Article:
Sunday, December 24, 2017

Please Don’t Call Me...

Bwana. (Apologies to Bob Hope’s 1963 Classic).

In 2015, I signed up to hike the Inca Trail to Machu Picchu. Then the entourage was thirteen other guests, three guides and twenty-two porters who performed most of the sweat labor. Read all about these Uber Athletes below. 

It was a great, beautiful and wonderful meander through Mountain Passes, ancient Inca ruins and rain forests. 

In some ways getting to Machu Picchu was anticlimactic. I enjoyed the hike more than the finish line. (I thought MP would be larger.) 

Before leaving Peru, I already decided to return to hike the Salkantay route to Machu Picchu. It’s famous for being a prettier amble with 15;200”Salkantay Pass being the literal highlight. I wanted to experience being this up-in-the-air without an airplane. 

So I signed up again with Valencia Travel. I tossed out some dates, paid my $$$$ and received a nice looking itinerary. I booked my flights after they assured me I was good to go. 

Since that time, I have been emailing Valencia to get more info. (I ask a lot of questions because I wonder too). One question was, “How many other Gringoes will be joining me?” 

Their answer, “So far there is you and Ms. Alyson. However more people can sign up before your departure.”

Well, since that time Ms. Alyson bailed out. (Did anyone of you tell her I was hard get along with?)’ll be me, one Guide, one cook, an assistant cook and two horsemen. I’m assuming they will bring their horses too. That’s five Peruvian and two beasts of burden to take care of one Jewish Gringo. That’s nuts! Hence the title of this blog.

All but the guide will speak Quechua, the indigenous language of the people residing near the Andes. For them Spanish is a second language. My guide will speak English. I hope he’s prepared for an onslaught of questions from me. I’ll use this experience as a full-on immersion of Inca, Peruvian and Cusco potential knowledge. I like learning. 

So...after a Red-eye flight from Miami to Cusco, I’ve been strolling around the plazas, crowded streets and surrounding hillsides. This is what I’ve noticed and learned.

Cusco was once the Capital of the ancient Inca Empire. All paths, rudimentary roads led to and from Cusco. I’ve included a photo of the size of this historic civilization. It was HUGE!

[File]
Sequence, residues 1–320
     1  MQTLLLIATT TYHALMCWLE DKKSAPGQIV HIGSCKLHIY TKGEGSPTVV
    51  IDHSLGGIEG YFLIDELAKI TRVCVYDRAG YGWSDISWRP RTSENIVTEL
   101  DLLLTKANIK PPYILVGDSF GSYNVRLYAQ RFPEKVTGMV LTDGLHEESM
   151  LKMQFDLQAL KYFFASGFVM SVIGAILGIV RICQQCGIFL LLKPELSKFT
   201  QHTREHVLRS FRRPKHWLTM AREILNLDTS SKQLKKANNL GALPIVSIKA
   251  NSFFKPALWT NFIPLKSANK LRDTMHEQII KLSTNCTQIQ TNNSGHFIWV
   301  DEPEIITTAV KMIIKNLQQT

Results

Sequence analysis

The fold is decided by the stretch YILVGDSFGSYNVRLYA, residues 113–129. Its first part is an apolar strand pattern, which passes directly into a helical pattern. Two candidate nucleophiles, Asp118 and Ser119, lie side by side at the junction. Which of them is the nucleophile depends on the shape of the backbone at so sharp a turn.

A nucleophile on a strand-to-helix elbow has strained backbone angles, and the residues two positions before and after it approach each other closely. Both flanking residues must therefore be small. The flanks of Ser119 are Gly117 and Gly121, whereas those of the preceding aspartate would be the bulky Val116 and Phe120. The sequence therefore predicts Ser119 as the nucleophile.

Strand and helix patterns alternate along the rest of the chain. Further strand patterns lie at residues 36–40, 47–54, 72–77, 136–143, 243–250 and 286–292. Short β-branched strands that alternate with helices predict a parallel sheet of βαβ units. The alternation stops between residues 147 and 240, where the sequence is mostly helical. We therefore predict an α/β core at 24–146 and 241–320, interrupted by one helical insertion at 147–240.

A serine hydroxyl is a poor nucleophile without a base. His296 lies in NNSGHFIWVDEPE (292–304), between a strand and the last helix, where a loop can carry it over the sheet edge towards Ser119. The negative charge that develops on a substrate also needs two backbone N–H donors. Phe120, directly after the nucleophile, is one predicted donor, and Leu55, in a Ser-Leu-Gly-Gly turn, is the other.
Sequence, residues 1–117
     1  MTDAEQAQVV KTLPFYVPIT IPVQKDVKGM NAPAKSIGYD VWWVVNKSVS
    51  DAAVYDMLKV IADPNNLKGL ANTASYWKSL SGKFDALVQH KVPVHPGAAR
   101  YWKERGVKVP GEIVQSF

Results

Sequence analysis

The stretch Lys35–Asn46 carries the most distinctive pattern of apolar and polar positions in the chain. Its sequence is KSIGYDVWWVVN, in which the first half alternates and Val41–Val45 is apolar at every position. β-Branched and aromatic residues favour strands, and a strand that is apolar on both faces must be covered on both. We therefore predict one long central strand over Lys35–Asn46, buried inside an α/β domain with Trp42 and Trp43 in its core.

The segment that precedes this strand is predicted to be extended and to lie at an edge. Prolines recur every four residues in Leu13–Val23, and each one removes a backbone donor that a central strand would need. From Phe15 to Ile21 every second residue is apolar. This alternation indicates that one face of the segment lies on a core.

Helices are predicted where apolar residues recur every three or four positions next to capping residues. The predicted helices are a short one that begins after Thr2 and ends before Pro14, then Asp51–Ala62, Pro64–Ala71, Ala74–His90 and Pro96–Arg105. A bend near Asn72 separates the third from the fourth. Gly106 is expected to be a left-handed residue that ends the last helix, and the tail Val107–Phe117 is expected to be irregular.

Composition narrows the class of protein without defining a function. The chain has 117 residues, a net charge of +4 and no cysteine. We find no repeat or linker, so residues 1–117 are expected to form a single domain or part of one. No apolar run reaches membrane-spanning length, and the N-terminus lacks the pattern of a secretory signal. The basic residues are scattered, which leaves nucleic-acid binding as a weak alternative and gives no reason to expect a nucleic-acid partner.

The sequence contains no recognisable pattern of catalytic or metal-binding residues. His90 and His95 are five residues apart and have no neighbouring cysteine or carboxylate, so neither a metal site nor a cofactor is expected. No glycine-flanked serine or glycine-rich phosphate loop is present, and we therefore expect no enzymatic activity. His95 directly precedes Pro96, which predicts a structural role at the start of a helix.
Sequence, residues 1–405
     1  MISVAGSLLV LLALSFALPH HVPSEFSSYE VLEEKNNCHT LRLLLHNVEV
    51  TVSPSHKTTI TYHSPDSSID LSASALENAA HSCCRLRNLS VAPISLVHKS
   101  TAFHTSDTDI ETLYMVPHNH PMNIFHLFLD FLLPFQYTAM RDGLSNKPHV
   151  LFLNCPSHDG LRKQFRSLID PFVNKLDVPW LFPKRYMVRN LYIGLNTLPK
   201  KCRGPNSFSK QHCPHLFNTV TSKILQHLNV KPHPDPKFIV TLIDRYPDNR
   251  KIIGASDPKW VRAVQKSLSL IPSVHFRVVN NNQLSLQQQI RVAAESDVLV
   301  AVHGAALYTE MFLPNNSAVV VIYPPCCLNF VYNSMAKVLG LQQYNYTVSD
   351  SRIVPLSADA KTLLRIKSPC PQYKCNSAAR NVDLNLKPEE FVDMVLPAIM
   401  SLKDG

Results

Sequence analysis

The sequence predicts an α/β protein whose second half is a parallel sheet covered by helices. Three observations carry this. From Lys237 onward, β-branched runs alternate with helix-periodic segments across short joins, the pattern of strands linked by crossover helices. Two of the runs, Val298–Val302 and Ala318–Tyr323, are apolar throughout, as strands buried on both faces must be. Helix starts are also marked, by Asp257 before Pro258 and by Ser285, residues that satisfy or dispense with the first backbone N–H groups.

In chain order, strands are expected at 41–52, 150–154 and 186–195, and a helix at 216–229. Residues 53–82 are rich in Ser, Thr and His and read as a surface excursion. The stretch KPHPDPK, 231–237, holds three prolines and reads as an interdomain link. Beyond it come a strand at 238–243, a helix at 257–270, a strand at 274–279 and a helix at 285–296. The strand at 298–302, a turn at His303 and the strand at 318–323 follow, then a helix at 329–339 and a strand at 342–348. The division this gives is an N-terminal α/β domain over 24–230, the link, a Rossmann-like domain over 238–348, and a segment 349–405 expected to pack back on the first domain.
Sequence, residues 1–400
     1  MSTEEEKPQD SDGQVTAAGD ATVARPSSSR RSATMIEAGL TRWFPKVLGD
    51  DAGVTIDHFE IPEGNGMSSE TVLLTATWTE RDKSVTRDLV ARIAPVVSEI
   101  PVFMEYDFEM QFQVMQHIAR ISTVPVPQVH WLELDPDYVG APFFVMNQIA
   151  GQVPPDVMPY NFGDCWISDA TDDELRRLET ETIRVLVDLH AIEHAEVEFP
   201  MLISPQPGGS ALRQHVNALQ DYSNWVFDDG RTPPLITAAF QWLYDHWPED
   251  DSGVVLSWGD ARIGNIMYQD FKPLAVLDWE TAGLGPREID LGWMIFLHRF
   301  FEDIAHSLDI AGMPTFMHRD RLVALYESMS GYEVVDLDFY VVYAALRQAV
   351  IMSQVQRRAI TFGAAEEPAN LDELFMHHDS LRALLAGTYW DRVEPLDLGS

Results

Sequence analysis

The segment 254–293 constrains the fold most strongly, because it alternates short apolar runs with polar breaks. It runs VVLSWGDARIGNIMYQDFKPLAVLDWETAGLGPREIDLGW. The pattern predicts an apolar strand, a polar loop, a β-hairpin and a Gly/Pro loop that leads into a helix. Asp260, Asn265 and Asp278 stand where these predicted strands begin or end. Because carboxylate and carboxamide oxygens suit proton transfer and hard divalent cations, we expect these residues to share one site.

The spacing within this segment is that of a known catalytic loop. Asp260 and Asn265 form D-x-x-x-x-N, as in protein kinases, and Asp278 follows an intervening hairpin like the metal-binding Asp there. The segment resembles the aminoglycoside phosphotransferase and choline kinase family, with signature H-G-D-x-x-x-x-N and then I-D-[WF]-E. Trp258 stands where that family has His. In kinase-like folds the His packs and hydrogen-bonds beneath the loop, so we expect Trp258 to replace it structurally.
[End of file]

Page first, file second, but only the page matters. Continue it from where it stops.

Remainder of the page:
Now Cusco is the epicenter of Peruvian Tourism. In recent figures, two million tourists sucked hard on the thin air while walking its narrow streets and lanes. Most visitors have aspirations (and lots of inhalations) to visit Machu Picchu. I’m one of them.

Tourism is now the new “Inca Gold.” For many locals learning English is their ticket out of poverty. This morning, I took my coffee outside of my nice hotel. A bellhop named Jonathan followed me out. We struck up an English-only conversation. He was practicing his language skills on me. This polite young man went on to tell me he once was a porter on Machu Picchu treks. He made enough money to go to University. What does he aspire to become? A Machu Picchu Trekking Guide. This career path is a game changer in Cusco. It’s steady work and steady income. 

The other thing I’ve learned while walking around here. By and large the Locals aren’t very, well, large. I’ll give you a frame of reference. If the Cuscoans were going to start a basketball team, I’d be asked to be the intimidating shot-blocking Center. Having the chance to look down at peoples faces is kind of a pleasant change for me.

Well, I know you are all BUSY with the Holidays.
So, I’ll blog to you on the other side of the Salkantay Trek.

Feliz Navidad to all my Christian friends, 



  1. That sounds SO exciting, being the only one. Learn a new language, new sites. Hope it revives your spirit.
    Happy Trails.

  2. That sounds SO exciting, being the only one. Learn a new language, new sites. Hope it revives your spirit.
    Happy Trails.

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